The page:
Also in this playlist...
This transcript is automatically generated
Care overhaul wages on in Washington a state of Vermont couldn't serve as the guy for national plan.
Lawmakers there rolled out the blueprint for health -- in 2006 with the goal of providing better medical care to patients while cutting costs.
And not raising taxes.
For more on how this plan works I'm joined by Vermont's Republican governor Jim Douglas warning governor good to see you.
Well thanks for having me.
So this is this this could be a terrific blueprint I've read a lot about this won't meet real.
When you to the legislature basically in 2006 and said let's figure out how to increase access improve quality contain costs.
What kind of blueprint did you guys create and are you happy with the accomplishments.
Well it's not something that's going to be transformed overnight but that was actually -- three when I initiated the blueprint when I came into office.
And I made it clear to vermonters that we have to think about new ways of providing health care the people of our state.
We have the second oldest population in America based on median age.
And obviously it's older people who generally have one or more chronic diseases and that's where the money is so we have to focus on prevention on early detection on screening.
On managing chronic illness.
A lot of the debate in Washington and elsewhere is about whether we have public insurance or private insurance that really misses the point.
We have to reduce the overall cost of care and think about a new way of delivering services.
How does what you guys accomplished hadn't didn't.
Perhaps be translated across the country -- it work.
Well I think it would Wear a small state obviously made up of small communities but.
The nation can be a divided up into.
Health care delivery service areas.
The key is to have a community care team.
To have doctors hospitals.
Behavior health specialists nutritionists.
All working together for the best interest of the patient.
We have to be sure that each individual has what we call medical home.
A primary care practice where he or she can receive the services necessary we have to change how we pay for health care in America.
We have to -- promote primary care more.
And encourage people to get those annual physicals to get their chronic disease managed well to.
To screen for illness so that expensive intervention isn't the only alternative.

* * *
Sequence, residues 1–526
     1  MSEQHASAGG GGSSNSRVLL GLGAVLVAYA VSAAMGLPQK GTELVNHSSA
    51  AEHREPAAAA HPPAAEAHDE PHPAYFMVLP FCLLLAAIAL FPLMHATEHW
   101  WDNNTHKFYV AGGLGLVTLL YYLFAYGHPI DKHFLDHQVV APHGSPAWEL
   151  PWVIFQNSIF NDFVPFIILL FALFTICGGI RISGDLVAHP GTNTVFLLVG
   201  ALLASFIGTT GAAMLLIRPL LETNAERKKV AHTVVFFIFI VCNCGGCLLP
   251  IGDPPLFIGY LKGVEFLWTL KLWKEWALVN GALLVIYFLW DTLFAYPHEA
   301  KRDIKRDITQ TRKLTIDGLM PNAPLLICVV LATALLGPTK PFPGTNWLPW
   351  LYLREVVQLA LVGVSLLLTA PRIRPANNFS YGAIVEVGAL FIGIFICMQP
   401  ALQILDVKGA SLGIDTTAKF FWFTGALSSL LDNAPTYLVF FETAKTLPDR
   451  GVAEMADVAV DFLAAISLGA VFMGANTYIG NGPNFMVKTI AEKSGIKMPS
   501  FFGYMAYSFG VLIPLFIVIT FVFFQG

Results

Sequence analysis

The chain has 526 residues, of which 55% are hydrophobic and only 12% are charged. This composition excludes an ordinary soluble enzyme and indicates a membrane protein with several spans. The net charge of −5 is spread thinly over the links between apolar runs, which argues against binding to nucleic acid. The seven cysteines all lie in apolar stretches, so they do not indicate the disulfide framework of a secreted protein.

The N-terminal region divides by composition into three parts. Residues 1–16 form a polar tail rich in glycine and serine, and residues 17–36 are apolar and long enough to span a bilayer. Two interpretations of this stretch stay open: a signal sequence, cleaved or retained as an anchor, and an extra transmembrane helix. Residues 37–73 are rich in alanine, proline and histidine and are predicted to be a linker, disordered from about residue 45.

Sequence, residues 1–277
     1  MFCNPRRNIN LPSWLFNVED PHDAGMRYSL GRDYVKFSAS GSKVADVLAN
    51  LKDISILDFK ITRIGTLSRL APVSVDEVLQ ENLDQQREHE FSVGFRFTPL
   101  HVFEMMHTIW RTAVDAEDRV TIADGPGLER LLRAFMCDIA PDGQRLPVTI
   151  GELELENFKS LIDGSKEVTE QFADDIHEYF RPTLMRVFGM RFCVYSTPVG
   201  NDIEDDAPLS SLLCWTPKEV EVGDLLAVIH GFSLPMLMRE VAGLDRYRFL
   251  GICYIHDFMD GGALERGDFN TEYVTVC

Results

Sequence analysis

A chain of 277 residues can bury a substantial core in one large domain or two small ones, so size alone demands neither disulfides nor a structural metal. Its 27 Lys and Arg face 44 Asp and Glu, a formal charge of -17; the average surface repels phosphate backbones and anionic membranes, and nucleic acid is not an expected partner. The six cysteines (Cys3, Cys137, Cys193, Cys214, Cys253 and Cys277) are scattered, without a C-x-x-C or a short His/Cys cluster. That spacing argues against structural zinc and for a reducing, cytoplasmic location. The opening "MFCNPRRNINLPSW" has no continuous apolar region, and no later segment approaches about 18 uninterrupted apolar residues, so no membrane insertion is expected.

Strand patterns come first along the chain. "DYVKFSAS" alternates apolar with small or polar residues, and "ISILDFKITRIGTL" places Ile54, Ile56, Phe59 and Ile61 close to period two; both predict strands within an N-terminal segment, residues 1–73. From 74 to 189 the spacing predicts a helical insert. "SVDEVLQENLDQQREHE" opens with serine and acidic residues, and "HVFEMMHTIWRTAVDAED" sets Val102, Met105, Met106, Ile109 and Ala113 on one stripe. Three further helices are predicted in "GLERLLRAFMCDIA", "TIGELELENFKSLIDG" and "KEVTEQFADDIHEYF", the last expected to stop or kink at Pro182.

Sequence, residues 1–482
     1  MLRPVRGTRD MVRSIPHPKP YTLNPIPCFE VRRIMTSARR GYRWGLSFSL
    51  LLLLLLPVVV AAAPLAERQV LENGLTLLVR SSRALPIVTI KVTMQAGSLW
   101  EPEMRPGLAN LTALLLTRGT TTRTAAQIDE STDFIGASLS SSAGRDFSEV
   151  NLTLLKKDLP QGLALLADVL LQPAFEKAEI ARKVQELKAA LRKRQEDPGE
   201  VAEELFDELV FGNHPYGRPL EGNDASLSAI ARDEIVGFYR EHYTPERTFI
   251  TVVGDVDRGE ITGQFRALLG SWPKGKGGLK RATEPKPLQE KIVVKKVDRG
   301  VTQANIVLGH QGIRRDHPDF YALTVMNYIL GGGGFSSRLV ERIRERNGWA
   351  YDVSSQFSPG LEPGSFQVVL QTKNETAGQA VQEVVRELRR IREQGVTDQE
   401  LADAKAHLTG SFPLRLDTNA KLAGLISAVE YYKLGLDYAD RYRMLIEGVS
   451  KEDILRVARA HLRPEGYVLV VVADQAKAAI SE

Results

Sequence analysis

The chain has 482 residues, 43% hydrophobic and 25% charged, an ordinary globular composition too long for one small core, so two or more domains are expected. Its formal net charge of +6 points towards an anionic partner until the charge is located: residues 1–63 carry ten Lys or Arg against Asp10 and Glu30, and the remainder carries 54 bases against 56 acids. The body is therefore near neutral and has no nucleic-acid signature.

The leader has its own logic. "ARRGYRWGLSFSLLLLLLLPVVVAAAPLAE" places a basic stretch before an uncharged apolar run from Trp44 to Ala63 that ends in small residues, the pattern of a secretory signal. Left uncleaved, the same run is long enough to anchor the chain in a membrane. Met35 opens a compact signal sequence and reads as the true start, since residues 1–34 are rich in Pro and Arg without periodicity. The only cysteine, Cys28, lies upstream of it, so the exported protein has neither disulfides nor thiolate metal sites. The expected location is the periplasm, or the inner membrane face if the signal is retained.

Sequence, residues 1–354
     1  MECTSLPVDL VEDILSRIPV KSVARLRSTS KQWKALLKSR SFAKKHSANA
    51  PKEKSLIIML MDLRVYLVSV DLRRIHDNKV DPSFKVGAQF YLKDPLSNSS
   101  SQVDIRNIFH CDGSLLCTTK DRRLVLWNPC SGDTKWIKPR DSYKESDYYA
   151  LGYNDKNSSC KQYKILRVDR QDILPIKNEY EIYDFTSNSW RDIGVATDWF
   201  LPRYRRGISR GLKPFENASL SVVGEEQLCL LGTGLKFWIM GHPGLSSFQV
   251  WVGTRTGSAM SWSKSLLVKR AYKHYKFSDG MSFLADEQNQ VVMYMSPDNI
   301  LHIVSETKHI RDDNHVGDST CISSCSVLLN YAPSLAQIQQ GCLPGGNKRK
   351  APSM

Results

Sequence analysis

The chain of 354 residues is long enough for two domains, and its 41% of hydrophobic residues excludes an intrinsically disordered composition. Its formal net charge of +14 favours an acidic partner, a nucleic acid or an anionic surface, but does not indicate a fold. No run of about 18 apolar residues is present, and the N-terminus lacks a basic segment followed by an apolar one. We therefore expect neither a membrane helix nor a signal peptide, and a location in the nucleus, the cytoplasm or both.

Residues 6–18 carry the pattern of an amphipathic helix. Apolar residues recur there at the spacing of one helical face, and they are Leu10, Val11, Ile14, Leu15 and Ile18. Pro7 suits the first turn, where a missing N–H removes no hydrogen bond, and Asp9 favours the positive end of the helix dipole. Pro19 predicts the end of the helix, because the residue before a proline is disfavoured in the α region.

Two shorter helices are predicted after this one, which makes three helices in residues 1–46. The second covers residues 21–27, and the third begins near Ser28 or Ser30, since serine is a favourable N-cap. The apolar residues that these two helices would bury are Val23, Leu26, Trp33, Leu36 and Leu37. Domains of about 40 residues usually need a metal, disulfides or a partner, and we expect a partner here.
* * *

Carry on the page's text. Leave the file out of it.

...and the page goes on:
We've got some pilot projects under way in Vermont on medication history.
They give you one example.
A woman and one of our communities went into the hospital with some stomach pain.
And instead of an X ray or exploratory surgery or something expensive.
The hospital emergency department was it will call up on the computer her medication history.
And find that she had missed -- renewing her ulcer medication so it was quite an expensive.
Really amazing because a lot of that of course has to do with the concept of of electronic records which is crucial but one of the things that you were able to -- Was -- were able to get.
All of the constituents involved there to contribute to the process and doing that without raising taxes you -- hospitals involved doctors involved.
It is that part when you see the administration doing -- or are we approaching it the wrong way.
Well it is important to have all the players at the table.
The private insurance companies have bought into this strategy Medicaid is participating through a waiver -- that we received from the federal government.
Frankly the only pair that's not get involved as Medicare.
And I've urged officials at the national level to to look at that and then make sure that they're part of this new -- approaching health care as well.
You know a lot of the attention has been on extending coverage and we certainly want to do that we've reduced our uninsured rate here from about 10% to about seven and a half.
But again it's not matter of just covering more people with insurance because we have to change the way we deliver -- We have to reduce costs otherwise regardless of whether it's public or private.
We're going to be broke.
You know governor a big concern that I have is a small business community and of course all the under employed in this country because as you very well know.
The costs of things like cobra like Theresa are just prohibitively expensive.
Are you not concerned that some of those programs.
-- ones that we should really be addressing.
Especially given the fact that so many small business owners create this job growth in this country -- -- used to create the job but in this country.
And I hope will again small businesses are indeed the backbone of America's economy and we have to support them.
What we have in Vermont is a a seamless.
Transition from one program to another in other words is the basic Medicaid program for those who were.
Income level then we have something called.
The Vermont health access plan for those who earn a little more.
And then we have us something called catamounts health.
Based on the mascot for our state university.
Smaller subsidies as people's income rise.
So I think that's model that works whether you're employed or.
We look at your income and provide a subsidy based on the amount that you -- So I think it's it's a system that can easily be replicated around the country.
Governor I have I have to tell you I didn't know a lot about it until I read about it about 3 hours earlier this morning and it looks really really interesting and I which were talking a lot more about it.
I thank you for joining us.
Well thank you Alexis.
Filter by section